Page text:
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Public Looking for Clarity From Republicans on All Social Issues

The opinions expressed by columnists are their own and do not necessarily represent the views of
AP Photo/Patrick Semansky

With one year since the Dobbs decision, in which the Supreme Court overturned Roe v. Wade, how should we be thinking, as a nation, about this crucial issue?

Commentary in the press is conveying that Dobbs was an unpopular decision and that it has strengthened sentiment in the country for legal abortion.


Per Gallup, 61% say overturning Roe v. Wade was a "bad thing," and 38% say it was a "good thing".

In the latest abortion polling from Gallup, percentages saying abortion should be legal has climbed to high points for each trimester -- 69% in the first three months, 37% in the second three months and 22% in the last three months.

Conventional wisdom reported after the last congressional elections is that the anticipated strong gains for Republicans did not materialize because of Dobbs.

And that Democrats certainly plan to build on this sentiment and focus on abortion in the 2024 elections.

Republican candidates are jockeying to define themselves regarding protection of life.

Greatest clarity has come from Mike Pence, who has challenged Republicans to support a federal ban on abortion at 15 weeks.

Former President Donald Trump, speaking to the Faith and Freedom Coalition, finally noted that the federal government has a role in protecting life, but did not spell out details regarding how.

My advice to Republican candidates is to look to the wisdom of the very first Republican president, Abraham Lincoln.

"In this age, in this country," observed Lincoln, "public sentiment is everything. With it, nothing can fail; against it, nothing can succeed. Whoever moulds public sentiment, goes deeper than he who enacts statutes, or pronounces judicial decisions."


Certainly, there is no issue more relevant for applying Lincoln's wisdom than abortion.

Well known, for instance, is how responses in polls can vary depending on how questions are asked.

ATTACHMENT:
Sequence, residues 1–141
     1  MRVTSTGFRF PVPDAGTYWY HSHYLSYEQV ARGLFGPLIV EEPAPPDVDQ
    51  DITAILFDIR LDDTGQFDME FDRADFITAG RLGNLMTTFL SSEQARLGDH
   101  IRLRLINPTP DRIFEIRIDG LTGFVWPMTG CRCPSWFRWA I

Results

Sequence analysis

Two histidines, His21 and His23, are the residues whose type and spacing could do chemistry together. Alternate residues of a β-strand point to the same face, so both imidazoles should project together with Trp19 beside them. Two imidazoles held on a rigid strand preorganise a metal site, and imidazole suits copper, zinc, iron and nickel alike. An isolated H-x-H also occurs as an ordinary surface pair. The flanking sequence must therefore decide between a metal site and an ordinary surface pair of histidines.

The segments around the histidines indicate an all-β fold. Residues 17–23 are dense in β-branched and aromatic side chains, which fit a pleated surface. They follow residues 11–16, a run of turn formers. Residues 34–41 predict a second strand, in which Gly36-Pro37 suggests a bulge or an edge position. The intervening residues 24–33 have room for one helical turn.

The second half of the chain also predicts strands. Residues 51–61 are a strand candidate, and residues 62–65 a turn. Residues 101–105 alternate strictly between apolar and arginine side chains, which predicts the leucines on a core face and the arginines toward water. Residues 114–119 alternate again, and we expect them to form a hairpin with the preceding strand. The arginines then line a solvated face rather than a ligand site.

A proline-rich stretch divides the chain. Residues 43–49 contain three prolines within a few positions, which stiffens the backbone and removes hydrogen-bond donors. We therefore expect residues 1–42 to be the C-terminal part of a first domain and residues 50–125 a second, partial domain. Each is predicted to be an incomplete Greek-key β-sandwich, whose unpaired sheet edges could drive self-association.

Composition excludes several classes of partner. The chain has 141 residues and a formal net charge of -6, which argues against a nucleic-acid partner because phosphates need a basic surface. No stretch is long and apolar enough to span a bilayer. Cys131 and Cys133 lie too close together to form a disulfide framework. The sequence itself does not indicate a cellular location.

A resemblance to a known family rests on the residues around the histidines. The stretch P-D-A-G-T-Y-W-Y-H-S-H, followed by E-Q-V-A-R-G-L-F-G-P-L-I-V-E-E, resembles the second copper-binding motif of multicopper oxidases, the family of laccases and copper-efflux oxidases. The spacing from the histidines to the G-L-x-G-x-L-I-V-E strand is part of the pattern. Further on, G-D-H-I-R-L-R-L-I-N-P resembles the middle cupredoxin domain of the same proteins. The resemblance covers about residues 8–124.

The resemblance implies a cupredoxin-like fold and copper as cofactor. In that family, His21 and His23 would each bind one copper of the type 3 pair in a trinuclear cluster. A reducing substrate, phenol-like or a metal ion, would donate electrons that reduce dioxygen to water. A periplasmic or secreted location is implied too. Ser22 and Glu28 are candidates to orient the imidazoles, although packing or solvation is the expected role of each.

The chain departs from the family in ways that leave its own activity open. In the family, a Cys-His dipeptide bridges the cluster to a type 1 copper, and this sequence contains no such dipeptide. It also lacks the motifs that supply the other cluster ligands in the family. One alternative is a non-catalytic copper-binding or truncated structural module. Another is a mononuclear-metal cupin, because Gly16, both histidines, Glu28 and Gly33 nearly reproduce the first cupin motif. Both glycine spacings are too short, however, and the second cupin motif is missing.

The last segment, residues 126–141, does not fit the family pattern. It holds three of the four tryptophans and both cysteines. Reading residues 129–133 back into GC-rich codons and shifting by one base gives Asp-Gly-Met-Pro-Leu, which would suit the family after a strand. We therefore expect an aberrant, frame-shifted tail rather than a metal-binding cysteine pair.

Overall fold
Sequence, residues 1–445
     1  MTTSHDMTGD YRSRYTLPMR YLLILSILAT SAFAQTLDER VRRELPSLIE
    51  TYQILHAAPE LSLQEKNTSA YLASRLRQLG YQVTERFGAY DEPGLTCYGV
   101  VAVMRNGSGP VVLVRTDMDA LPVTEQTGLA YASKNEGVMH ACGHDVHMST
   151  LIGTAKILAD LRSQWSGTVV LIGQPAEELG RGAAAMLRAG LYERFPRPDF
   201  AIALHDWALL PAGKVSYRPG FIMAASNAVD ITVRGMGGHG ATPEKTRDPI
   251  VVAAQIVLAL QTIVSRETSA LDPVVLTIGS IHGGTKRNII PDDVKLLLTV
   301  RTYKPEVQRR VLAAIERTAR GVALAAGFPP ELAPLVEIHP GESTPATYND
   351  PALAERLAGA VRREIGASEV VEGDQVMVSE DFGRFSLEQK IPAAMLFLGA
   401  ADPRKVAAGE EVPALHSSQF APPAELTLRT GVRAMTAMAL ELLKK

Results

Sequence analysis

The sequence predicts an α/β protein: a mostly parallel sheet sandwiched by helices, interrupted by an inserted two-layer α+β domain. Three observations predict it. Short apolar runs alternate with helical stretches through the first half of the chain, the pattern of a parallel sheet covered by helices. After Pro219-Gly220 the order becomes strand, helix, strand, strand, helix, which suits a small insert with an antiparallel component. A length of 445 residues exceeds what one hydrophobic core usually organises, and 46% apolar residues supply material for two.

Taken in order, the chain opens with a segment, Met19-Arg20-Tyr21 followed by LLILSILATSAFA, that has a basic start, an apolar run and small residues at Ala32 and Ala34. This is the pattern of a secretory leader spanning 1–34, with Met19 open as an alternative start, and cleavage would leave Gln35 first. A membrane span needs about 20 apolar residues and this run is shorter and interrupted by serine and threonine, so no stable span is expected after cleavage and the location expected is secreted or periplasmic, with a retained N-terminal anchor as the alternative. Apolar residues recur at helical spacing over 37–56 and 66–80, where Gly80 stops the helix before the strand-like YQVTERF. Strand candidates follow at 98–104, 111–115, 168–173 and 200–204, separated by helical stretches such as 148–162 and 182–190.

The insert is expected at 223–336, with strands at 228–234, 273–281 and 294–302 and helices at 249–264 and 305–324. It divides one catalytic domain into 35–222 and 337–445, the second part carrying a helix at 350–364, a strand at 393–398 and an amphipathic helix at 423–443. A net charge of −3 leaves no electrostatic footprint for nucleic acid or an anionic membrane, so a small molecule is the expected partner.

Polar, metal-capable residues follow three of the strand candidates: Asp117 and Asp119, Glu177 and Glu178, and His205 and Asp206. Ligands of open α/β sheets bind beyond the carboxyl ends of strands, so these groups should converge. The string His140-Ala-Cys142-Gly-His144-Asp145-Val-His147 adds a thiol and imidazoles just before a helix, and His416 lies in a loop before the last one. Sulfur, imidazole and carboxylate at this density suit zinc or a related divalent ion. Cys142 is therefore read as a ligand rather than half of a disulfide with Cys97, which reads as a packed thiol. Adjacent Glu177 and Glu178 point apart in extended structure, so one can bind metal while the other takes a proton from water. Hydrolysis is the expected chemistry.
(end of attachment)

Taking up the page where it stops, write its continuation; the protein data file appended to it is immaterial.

Despite what appears to be polling showing strong sentiment for legal abortion, there is plenty other polling showing that Americans are not at all happy with the moral and social state of affairs in the country.

According to recent Gallup polling, 54% say the state of "moral values" in the country is "poor." This is 20 points higher than where this stood 20 years ago. Only 11% say the state of moral values is "excellent/good." This is half where this stood 20 years ago.

We expect businesses to have great expertise regarding public sentiment in markets where they sell. But we just saw the marketing disasters of Bud Light and Target in assessing incorrectly openness of the public to accept LGBTQ values as mainstream.

In Gallup's recent annual poll asking about "moral acceptability" regarding a list of morally sensitive issues, 11 of the 19 show a lower percentage now saying they are morally acceptable compared to last year. The biggest drop was in "gay and lesbian relations," with a seven-point drop in 2023 saying this is morally acceptable compared to 2022.

The percentage of Americans now self-identifying as socially conservative, per Gallup, is at 38%, up from 30% two years ago, and highest in 10 years. This compared to 29% who self-identify as socially liberal.


Let's also note the new report from the Census Bureau about the ageing of the country. The median age now, the oldest ever, is 38.9. In 2000, it was 35. In 1980, it was 30.

The breakdown in values in which marriage, family and children flourish does not bode well for our future.

Republican candidates need to provide clarity to primary voters on where they stand on the full range of social issues -- not just specifics on abortion. All these issues together comprise the culture of life.

The upcoming Republican debates, to be hosted by Fox, should be used as a platform to get clarity from candidates on all these issues, and all candidates, including Trump should participate.


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